MCFADDEN, P. J., MCMILLIAN and GOSS, JJ.
McFadden, Presiding Judge.
Handy was tried before a jury on charges of aggravated
assault, cruelty to children in the first degree, and
battery. The jury found Handy not guilty of aggravated
assault, but found her guilty of cruelty to children in the
first degree and battery. The trial court imposed a
recidivist sentence of twenty years for cruelty to children
and a concurrent twelve-month sentence for battery, ordering
Handy to serve three years in confinement and the remaining
seventeen years on probation. The trial court denied
Handy's motion for a new trial, and she filed this
claims that there was insufficient evidence to support the
cruelty to children conviction; but we find that there was
enough evidence from which a rational trier of fact was
authorized to find guilt beyond a reasonable doubt. Handy
also claims that the court committed plain error in failing
to charge the jury on justification; however, Handy
affirmatively waived such a charge. Handy further argues that
her trial counsel was ineffective; but she has failed to show
that counsel's performance was deficient. And she claims
that a law enforcement officer gave an improper expert
opinion regarding a cut on the victim's arm; but the
officer's testimony regarding his observations was
appropriate since an adequate foundation was laid with
respect to his experience and training. Accordingly, we
Sufficiency of the evidence.
appeal from a criminal conviction, the appellate court views
the evidence in the light most favorable to the verdict, and
[the] appellant no longer enjoys the presumption of
innocence." Walker v. State, 348 Ga.App. 273
(1) (821 S.E.2d 567) (2018) (citation and punctuation
omitted). "We do not weigh the evidence or judge the
credibility of the witnesses, but determine only whether the
evidence authorized the jury to find the [appellant] guilty
of the crimes beyond a reasonable doubt in accordance with
the standard set forth in Jackson v. Virginia, 443
U.S. 307 (99 S.Ct. 2781, 61 L.Ed.2d 560) (1979)."
Rowland v. State, Ga.App. (1) (Case No. A18A1562,
decided February 12, 2019) (citation omitted).
viewed, the evidence shows that Handy got into an argument
with her 16-year-old niece that escalated into a physical
altercation when Handy grabbed her niece by the hair. During
the fight, Handy punched her niece in the face, threw her to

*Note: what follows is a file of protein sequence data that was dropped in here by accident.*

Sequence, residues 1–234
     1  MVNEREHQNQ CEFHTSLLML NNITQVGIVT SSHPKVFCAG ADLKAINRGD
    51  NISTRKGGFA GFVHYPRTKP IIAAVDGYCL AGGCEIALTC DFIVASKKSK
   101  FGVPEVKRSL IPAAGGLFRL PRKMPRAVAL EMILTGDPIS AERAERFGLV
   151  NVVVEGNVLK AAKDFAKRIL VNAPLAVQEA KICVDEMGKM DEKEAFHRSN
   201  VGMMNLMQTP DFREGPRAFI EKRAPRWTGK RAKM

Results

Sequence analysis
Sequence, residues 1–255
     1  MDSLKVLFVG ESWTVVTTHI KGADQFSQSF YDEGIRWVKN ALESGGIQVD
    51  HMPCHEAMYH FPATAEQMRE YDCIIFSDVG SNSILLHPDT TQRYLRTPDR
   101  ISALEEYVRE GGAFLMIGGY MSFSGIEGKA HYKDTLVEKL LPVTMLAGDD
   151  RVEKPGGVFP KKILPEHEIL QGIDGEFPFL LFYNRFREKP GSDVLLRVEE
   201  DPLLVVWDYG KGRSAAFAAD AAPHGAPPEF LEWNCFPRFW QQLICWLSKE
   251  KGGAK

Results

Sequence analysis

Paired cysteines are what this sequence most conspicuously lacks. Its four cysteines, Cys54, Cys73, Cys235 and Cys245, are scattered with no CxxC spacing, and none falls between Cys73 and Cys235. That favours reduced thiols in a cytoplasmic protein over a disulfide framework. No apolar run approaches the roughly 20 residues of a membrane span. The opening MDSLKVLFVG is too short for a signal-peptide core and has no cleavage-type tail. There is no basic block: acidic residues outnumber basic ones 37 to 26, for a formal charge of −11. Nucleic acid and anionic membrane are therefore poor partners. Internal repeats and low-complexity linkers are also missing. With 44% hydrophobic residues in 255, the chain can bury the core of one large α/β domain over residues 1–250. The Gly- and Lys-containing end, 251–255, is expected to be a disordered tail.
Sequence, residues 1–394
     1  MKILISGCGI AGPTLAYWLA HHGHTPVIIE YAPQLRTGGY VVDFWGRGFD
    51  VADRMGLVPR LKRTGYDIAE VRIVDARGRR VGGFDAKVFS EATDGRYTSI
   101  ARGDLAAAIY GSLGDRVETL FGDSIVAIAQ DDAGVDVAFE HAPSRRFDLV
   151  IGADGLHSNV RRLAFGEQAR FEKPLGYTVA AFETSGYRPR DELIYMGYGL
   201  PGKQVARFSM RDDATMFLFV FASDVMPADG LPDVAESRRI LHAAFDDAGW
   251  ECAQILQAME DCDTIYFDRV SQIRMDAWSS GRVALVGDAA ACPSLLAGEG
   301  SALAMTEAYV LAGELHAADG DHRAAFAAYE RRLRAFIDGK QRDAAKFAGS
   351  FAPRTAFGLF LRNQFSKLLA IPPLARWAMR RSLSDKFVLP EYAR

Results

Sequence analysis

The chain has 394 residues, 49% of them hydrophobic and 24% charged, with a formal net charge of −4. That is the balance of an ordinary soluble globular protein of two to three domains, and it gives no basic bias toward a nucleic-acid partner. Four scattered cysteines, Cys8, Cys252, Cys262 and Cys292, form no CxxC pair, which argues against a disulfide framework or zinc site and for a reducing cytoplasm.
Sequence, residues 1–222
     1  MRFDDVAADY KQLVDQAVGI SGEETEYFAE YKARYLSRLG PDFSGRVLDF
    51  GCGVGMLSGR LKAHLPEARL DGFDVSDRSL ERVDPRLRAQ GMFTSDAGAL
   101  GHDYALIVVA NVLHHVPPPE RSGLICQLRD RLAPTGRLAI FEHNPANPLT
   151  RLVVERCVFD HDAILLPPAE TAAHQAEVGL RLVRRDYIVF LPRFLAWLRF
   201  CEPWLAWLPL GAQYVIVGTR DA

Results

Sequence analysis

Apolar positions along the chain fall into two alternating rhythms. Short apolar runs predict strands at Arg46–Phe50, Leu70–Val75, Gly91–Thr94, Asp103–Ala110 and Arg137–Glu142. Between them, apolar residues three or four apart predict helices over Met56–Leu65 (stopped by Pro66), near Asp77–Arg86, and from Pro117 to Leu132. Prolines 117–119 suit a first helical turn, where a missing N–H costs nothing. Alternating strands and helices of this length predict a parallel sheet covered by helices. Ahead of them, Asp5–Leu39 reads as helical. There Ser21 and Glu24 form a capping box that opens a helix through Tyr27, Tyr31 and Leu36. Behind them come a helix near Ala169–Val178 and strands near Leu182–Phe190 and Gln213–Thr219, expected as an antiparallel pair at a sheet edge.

the ground, and sliced her arm with a razor blade or box
cutter. The niece suffered bruising and swelling to her face.
And the deep cut to her arm bled heavily, required stitches,
and resulted in a scar.
§ 16-5-70 (b) provides that a "person commits the
offense of cruelty to children in the first degree when such
person maliciously causes a child under the age of 18 cruel
or excessive physical or mental pain."
For purposes of this [c]ode section, malice in the legal
sense, imports the absence of all elements of justification
or excuse and the presence of an actual intent to cause the
particular harm produced, or the wanton and wilful doing of
an act with an awareness of a plain and strong likelihood
that such harm may result. Intention may be manifest by the
circumstances connected with the perpetration of the offense.
Intent is a question of fact to be determined upon
consideration of words, conduct, demeanor, motive, and all
other circumstances connected with the act for which the
accused is prosecuted.
Delacruz v. State, 280 Ga. 392, 395 (3) (627 S.E.2d
579) (2006) (citation omitted).
challenging the sufficiency of the evidence supporting her
cruelty to children conviction, Handy contends that there is
no evidence of malice because the state failed to prove the
absence of justification or excuse. Handy points to evidence
that her niece was the initial aggressor and argues that she
was therefore justified in defending herself from her niece.
But there was also conflicting evidence that Handy was the
initial aggressor, cursing at her niece and escalating the
argument into a physical altercation by pulling the
victim's hair and punching her. Moreover, there was no
evidence that the victim used a weapon during the
altercation; instead, the evidence showed that only Handy
used a razor blade or a box cutter to cut the victim during
there may have been conflicts in the evidence as to who was
the initial aggressor and who escalated the incident from a
verbal argument to a physical fight, "any such conflicts
or inconsistencies were matters for the jury to
resolve." Rowland, supra at (1) (citation
omitted). The jury was authorized to resolve those conflicts
against Handy and find from the evidence that she was not
justified in harming her niece by striking her face and
cutting her arm as alleged in the indictment. "Given
[the evidence that Handy punched her niece in the face and
used a weapon to cut her arm], we find no lack of evidence of
malice." Sims v. State, 234 Ga.App. 678, 681
(1) (b) (507 S.E.2d 845) (1998). "Accordingly, we
conclude that, based upon this evidence, a rational trier of
fact could find sufficient malice to find [Handy] guilty
beyond a reasonable doubt of cruelty to children[.]"
Hill v. State, 243 Ga.App. 614, 617 (533 S.E.2d 779)
(2000) (citation omitted). See also Bunn v. State,
307 Ga.App. 381, 383-384 (1) (b) (705 S.E.2d 180) (2010).
single enumeration of error, Handy claims that the trial
court erred in failing to consider a directed verdict based
upon justification and in failing to give a jury ...